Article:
One of my favourite new pubs is The Blue Boat Right on the river Thames near Hammersmith. The new build pub is the perfect viewing spot for boat race watchers and was officially opened by twice world champion and Olympic bronze medal winning rower, Sarah Winckless. Like another fairly recent Fullers addition, One Over The Ait at Kew Bridge, The Blue Boat is part of a swanky new riverside development; in this case the Fulham Reach development by St George which stretches along what was formerly an unlovely spot of west London close to Charing Cross Hospital and five minutes from grim Hammersmith Broadway.
The pub has a large, south-facing terrace with views towards Hammersmith Bridge and Harrods Furniture Depository.
The new pub has been designed to incorporate elements of a traditional London boozer with vintage prints, battered old books and stuffed herons – plus lots of Boat Race memorabilia – and a modern, spacious area with lots of natural light, comfy seats and an eye-catching central bar.
Outside there is plenty of seating with wooden tables and overturned boats which get packed out in the summer as this is a great spot on the promenade down the river although there is some competition – I counted 5 pubs in the neighbouring 800 metres or so. But none of the locals are in the same bracket as The Blue Boat, mostly being of the more traditional variety many, like The Crabtree, frequented by visitors to Craven Cottage the home of Fulham FC.
The food at the Blue Boat is different too; an extensive menu includes premium dishes including some ‘Only at Fuller’s’ touches, such as Vintage Ale Sticky Toffee Pudding. The bar is stocked with an exciting array of beers, including Fuller’s golden ale, Oliver’s Island, alongside Frontier craft lager and the eponymous London Pride. Leading the team is Nina Dahl, general manager. Nina is a local resident and has been part of the Fuller’s family for many years, most recently, building success at the Hereford Arms in South Kensington. Nina is joined by another Fuller’s talent, Jon Pellew, as head chef. Jon comes from the White Horse in Richmond, where he has built his reputation among South West London foodies.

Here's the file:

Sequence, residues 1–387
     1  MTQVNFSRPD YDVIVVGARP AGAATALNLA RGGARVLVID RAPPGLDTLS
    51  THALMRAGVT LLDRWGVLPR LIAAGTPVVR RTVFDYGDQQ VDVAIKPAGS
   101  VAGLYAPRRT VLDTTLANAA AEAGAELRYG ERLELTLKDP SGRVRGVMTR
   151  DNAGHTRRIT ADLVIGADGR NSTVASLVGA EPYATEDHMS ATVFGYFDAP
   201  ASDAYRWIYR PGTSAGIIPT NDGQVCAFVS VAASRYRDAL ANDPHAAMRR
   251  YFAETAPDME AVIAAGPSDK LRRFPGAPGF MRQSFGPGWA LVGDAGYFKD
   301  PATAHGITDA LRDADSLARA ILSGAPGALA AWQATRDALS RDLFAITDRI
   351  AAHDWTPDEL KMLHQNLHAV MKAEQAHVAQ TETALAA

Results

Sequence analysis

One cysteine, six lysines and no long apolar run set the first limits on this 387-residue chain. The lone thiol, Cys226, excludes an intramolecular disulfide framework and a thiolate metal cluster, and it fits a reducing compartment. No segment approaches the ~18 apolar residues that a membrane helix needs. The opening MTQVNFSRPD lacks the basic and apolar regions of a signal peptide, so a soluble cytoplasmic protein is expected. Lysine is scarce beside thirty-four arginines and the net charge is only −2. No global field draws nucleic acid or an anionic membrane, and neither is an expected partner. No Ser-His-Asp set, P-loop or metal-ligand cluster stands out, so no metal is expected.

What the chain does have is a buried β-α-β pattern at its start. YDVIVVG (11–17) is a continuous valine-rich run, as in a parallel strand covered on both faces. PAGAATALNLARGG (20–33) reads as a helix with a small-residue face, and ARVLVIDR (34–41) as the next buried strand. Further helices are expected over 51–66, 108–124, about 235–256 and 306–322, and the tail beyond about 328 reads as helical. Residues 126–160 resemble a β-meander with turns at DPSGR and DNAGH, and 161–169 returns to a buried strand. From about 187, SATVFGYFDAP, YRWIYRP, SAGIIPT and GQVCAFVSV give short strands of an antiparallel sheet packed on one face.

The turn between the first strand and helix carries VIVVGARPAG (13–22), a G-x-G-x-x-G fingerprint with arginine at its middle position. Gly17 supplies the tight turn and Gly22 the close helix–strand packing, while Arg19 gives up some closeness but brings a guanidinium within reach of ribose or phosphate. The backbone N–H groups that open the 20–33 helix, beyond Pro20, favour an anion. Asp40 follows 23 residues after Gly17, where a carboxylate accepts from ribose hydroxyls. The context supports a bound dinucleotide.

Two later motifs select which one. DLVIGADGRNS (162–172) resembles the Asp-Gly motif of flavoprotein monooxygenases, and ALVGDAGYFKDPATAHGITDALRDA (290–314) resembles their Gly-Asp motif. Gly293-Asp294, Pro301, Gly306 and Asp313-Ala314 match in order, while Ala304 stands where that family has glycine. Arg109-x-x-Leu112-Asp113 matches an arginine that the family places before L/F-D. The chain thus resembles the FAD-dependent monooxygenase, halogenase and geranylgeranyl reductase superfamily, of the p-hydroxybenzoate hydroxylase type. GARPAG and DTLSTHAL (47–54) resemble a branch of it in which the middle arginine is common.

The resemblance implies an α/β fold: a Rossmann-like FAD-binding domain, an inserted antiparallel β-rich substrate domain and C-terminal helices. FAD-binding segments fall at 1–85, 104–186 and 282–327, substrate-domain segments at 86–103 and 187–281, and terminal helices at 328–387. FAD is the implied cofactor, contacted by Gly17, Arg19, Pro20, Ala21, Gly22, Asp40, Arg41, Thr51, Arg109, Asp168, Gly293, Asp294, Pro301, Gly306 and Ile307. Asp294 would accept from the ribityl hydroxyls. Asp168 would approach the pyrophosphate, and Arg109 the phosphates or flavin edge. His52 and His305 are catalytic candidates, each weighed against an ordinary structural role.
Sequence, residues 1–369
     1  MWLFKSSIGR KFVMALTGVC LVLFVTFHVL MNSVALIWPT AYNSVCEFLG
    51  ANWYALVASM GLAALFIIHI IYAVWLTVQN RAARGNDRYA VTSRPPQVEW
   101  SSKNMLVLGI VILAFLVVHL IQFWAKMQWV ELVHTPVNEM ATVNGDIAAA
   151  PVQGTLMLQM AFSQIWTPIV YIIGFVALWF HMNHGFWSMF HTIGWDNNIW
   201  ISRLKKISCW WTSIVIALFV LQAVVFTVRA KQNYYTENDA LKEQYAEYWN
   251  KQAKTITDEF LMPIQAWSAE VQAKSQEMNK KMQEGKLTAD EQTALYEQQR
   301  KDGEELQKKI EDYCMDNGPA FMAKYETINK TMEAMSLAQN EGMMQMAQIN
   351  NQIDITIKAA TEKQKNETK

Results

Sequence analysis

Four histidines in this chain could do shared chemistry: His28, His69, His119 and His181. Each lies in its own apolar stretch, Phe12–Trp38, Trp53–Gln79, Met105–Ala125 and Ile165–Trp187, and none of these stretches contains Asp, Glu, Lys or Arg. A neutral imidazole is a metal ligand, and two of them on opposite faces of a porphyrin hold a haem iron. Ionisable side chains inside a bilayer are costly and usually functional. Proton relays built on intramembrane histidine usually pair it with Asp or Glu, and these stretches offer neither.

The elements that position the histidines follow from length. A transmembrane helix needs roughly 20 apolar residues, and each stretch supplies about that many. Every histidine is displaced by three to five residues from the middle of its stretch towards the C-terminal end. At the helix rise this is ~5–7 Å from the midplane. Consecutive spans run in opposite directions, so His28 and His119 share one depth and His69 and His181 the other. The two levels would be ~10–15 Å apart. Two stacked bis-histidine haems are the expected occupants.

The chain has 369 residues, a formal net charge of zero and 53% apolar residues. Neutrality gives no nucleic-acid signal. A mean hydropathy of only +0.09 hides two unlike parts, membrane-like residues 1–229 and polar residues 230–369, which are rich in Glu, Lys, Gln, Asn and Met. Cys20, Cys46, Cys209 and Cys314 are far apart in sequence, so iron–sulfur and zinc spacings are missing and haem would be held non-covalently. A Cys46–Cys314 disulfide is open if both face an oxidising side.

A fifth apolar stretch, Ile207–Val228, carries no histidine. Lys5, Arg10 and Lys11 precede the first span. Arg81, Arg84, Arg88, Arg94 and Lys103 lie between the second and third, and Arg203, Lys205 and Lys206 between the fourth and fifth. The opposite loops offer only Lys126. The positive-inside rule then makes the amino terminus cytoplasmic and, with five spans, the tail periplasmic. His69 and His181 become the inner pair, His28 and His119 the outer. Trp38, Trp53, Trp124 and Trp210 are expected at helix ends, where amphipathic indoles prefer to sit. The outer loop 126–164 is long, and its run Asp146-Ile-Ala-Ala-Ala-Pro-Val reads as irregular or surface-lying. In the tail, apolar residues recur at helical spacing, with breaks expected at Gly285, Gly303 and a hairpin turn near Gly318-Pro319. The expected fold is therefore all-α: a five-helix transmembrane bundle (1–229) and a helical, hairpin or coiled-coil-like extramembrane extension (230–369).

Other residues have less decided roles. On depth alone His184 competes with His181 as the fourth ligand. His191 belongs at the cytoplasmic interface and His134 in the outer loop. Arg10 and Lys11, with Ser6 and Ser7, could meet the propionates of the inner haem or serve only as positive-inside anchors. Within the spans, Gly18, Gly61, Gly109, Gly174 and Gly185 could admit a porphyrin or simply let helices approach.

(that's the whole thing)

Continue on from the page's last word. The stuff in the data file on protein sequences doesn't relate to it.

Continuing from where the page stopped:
The Blue Boat, Distillery Wharf, Parr’s Way, London, W6 9GD. 020 3092 2090
THE HOUR GLASS was taken over last year by Luke Mackay and David Turcan - the duo behind Brompton Food Market, found just around the corner. The shop has become a neighbourhood favourite with its fresh English produce, secret garden café and friendly service. This ambience is carried over to the Hour Glass where food is the main attraction, however tempting it is to linger in the pub, run by Henry Gravells the live-in Landlord, who has managed some famous pubs in London including The Pilot Inn in Greenwich, The Cabbage Patch in Twickenham and The Salutation in Hammersmith.
One can eat upstairs in the dining room, but the same menu is available in the comfortable surroundings of the bar.
Main courses include Aylesbury duck breast with parsnips, hazelnut, celeriac and rhubarb chutney which looked like a sound English dish, but I went for the stone bass, braised fennel, monks’ beard with a Seville orange and bisque sauce which was delicate but satisfying.
A rabbit, ham and cider pie with Brussels sprouts and mash is one of the Hour Glass’ most popular choices.Local suppliers include the delightful fishmongers and butchers on the French influenced Bute Street in South Kensington. The wine list had plenty of reasonably priced choices while down in the bar London brewers are prominent making up at least 50% of the draft options alongside some proper cloudy scrumpy, IPA’s and at least 3 guest ales.
Ambience in the dining room is understated chic, with wood panelled walls salvaged from churches, old distressed mirrors which reflect the pub’s heritage and large windows looking out over the contemporary Knightsbridge designer shops. Tim has experience working with Michelin-starred chefs such as Bruno Loubet and in restaurants such as The Ebury, and has also worked in some of London’s best food pubs,to which he can now add The Hour Glass.
The Hour Glass, 279-283 Brompton Road, South Kensington, SW3 2DY www.hourglasspub.co.uk